Disclaimer: Every part of this album, from start to finish, was done under the quarantine of COVID-19. The song writing, musical composition, arrangement, and all collaboration was performed while each band member stayed within their homes. Each song represents a part of said quarantine.
Whiskey And Silence started as a simple acoustic guitar and vocal song. When COVID-19 hit, and we were all quarantined, I wanted to write a song dealing with what I felt a lot of people might be struggling to deal with. Loneliness, isolation, and silence. I wrote a song, sent it to my band for approval, and to my surprise they came back with suggesting that we not only put a whole band arrangement behind the song, but we should do a three song ep. Of course that meant I had to come up with two more songs, but more on that later.
Whiskey And Silence deals with the idea that when isolated, silence can become painful. When we can't distract ourselves, our inner demos (both known and previously unknown) tend to show their fangs. I've found that with current technology, it's pretty easy to surround ourselves with noise, both in a literal sense and in the form of constant distraction. But after weeks of being stuck inside your own house, it's a lot harder to scare off the silence.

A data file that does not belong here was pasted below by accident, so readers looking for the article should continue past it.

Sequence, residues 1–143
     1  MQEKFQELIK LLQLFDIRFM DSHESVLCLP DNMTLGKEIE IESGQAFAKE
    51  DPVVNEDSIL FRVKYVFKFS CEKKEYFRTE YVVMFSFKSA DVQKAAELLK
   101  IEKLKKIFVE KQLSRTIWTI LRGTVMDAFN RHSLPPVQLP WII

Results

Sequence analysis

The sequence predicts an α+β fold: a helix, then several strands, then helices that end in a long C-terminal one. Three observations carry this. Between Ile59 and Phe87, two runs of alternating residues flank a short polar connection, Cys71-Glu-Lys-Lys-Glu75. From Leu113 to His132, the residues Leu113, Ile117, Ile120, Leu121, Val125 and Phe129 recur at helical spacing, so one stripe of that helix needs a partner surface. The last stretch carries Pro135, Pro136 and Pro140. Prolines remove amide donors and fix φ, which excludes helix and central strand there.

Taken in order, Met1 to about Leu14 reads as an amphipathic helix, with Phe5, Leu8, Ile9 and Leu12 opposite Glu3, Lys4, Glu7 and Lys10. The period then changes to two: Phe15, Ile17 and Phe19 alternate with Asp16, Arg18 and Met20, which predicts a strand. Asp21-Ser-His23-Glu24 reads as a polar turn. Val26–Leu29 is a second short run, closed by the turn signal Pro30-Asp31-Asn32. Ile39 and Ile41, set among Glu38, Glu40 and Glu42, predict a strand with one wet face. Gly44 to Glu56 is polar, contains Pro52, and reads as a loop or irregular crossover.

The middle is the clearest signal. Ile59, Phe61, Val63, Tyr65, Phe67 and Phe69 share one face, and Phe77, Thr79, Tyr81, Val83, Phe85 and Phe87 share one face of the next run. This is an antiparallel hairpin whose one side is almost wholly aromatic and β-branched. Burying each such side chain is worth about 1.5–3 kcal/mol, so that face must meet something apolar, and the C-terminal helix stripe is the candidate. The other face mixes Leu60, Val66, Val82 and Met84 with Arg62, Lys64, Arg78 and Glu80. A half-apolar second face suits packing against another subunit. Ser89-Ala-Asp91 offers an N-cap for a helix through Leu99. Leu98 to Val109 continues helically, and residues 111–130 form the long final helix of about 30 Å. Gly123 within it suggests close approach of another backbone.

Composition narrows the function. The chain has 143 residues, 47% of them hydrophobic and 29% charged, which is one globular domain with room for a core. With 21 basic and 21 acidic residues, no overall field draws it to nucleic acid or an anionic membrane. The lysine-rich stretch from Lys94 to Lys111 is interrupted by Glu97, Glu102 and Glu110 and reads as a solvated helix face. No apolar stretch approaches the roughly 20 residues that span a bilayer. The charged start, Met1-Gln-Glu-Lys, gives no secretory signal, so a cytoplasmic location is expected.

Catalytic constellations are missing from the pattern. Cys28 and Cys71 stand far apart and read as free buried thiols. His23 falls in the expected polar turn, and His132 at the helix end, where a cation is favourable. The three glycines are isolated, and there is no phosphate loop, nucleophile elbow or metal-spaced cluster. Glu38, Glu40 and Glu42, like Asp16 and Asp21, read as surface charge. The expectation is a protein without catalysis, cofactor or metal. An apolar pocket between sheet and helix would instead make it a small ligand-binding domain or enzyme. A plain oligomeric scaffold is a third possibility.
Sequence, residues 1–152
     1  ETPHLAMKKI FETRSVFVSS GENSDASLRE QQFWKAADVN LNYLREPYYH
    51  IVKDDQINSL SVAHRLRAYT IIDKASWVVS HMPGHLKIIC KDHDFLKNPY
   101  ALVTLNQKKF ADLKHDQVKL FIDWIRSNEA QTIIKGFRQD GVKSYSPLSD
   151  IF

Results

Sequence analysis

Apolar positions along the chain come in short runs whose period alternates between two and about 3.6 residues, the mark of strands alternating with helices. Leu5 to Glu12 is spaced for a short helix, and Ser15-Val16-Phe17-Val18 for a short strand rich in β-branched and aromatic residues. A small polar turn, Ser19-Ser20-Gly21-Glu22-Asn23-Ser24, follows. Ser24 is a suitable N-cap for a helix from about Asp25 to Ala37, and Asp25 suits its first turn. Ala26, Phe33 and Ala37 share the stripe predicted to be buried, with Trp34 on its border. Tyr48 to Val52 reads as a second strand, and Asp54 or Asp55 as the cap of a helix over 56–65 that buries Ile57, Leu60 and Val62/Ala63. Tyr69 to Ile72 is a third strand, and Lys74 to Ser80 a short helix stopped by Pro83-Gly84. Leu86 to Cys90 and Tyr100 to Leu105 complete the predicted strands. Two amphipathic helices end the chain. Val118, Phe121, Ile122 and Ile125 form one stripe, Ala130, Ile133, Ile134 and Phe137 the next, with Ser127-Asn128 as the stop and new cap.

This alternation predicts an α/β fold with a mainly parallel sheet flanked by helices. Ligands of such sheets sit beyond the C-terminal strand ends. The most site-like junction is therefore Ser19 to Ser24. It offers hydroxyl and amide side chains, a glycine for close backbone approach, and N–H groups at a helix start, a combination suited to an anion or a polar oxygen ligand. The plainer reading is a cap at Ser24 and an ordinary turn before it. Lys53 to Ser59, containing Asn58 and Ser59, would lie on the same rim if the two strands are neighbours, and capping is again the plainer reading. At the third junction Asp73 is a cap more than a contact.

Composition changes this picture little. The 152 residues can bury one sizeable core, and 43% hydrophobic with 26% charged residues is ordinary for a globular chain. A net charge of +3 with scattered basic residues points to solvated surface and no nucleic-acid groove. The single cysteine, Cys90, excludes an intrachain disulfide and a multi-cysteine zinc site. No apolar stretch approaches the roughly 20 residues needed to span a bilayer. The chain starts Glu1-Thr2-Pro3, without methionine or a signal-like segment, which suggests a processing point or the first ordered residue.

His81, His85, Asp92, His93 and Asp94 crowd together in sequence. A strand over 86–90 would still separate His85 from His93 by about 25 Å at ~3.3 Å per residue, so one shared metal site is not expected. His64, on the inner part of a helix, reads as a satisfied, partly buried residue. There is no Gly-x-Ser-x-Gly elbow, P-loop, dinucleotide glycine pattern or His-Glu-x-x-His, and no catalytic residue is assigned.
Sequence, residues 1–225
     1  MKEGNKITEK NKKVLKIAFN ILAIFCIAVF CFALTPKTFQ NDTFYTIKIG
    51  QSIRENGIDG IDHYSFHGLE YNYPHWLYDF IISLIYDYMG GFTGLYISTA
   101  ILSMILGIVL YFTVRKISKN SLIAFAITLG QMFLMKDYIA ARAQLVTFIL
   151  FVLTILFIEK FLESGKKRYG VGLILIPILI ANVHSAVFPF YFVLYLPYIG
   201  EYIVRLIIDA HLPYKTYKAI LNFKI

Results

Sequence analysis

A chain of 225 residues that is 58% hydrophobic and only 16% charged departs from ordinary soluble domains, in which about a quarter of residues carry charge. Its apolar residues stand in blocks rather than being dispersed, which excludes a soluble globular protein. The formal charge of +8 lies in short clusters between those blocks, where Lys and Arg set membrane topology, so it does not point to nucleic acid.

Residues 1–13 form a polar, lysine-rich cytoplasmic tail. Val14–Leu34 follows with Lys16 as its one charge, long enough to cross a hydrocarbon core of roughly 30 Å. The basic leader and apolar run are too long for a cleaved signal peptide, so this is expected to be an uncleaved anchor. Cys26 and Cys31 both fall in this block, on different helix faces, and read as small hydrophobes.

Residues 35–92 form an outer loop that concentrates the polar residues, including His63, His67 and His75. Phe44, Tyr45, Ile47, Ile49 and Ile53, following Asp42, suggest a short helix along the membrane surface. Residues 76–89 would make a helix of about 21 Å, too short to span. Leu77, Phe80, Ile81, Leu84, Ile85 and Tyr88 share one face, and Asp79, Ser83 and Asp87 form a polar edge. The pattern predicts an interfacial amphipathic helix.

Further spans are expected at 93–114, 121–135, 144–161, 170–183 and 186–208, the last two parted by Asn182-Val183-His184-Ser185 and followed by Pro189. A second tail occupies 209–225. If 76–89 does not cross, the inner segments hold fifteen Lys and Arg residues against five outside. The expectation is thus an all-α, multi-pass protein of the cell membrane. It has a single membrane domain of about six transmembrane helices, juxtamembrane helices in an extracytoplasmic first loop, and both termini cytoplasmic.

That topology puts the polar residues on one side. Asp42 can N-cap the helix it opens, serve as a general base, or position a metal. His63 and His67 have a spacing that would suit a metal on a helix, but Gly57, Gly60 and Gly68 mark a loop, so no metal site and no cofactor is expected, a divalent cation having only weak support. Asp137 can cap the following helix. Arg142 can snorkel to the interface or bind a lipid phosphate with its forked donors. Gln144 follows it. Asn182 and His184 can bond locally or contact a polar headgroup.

I tried really hard to work in imagery of wearing out a path on your floor between your bed and your couch in an effort to bring out a feeling of restlessness. And, originally, the phrase "I'll have another glass of whiskey with a side of silence alone. Staring at a blank wall, watching time go by so slow." But all of these came out a little too pop punk. Too angsty. So I changed to a more metaphorical side of things and came up with "Another day stuck inside the walls of my head. And I'm wearing a path running from the demons I know and the ones still in shadow." Soon, the idea of silence being more like a person instead of the absence of sound took place. What we once ran from, we shared a glass of whiskey with. Silence is closer to a teacher. A hard-ass of a teacher, sure, but one that, after breaking us, will help us put our pieces back together.
As is so common to my songs, Whiskey And Silence ends, not with resolution, but with the hope that resolution might come.
Perhaps more important than the story is the arrangement. This is the first song where I depart from my acoustic only vibe. Sure, I've had organ before, but I pulled out all the stops on this one. I say "I" like it was my decision. It was my bands. They finally convinced me to not just add electric guitar, but also synth, delays, distortions, reverbs. I left my straight folk influences to adopt a sound similar to my favorite band, Frightened Rabbit. And I'm pretty proud of the result.